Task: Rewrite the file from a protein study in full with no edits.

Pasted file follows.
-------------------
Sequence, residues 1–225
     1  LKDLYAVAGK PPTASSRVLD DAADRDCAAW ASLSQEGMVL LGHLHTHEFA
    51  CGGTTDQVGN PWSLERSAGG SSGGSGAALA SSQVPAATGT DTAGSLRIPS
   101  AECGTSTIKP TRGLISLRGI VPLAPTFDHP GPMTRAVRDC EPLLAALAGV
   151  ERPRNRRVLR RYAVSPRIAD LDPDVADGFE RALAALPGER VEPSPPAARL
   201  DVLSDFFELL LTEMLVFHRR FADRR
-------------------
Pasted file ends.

Sequence, residues 1–225
     1  LKDLYAVAGK PPTASSRVLD DAADRDCAAW ASLSQEGMVL LGHLHTHEFA
    51  CGGTTDQVGN PWSLERSAGG SSGGSGAALA SSQVPAATGT DTAGSLRIPS
   101  AECGTSTIKP TRGLISLRGI VPLAPTFDHP GPMTRAVRDC EPLLAALAGV
   151  ERPRNRRVLR RYAVSPRIAD LDPDVADGFE RALAALPGER VEPSPPAARL
   201  DVLSDFFELL LTEMLVFHRR FADRR